een circumstances it was delayed until the 5th.
This delay turned out to be fortunate, for on the 4th the Confederates were engaged in throwing more troops and supplies into Fort Gaines, all of which were captured.
At 5:40 A. M. on the 5th of August, 1864, all the vessels outside of the bar, which were to participate in the battle, got underway in the following order, two abreast, lashed together:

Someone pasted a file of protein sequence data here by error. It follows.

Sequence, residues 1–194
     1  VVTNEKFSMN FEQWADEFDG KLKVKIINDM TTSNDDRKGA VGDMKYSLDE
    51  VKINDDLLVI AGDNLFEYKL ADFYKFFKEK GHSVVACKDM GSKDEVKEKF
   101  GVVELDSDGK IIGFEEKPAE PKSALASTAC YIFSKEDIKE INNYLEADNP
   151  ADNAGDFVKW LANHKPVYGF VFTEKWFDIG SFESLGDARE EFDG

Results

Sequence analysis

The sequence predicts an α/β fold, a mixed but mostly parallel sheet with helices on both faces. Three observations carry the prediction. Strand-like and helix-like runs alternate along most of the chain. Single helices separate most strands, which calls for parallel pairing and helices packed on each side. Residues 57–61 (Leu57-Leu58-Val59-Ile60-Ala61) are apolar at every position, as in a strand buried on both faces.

Brooklyn, Captain James Alden, with the Octorara, Lieutenant-Commander C. H. Greene, on the aid aside his politeness under any circumstances) saw the white flag fluttering on the Tennessee, and stopped and backed his engines.
Confederate ram Tennessee after her surrender to U. S. Squadron, Rear-Admiral D. G. Farragut, Mobile Bay, August 5, 1864.
The Tennessee had done well, though she was not fought with the skill expected from Buchanan.
The latter was wounded and had his leg so shattered that it had afterwards to be amputated.
The Tennessee lost only two or three men killed,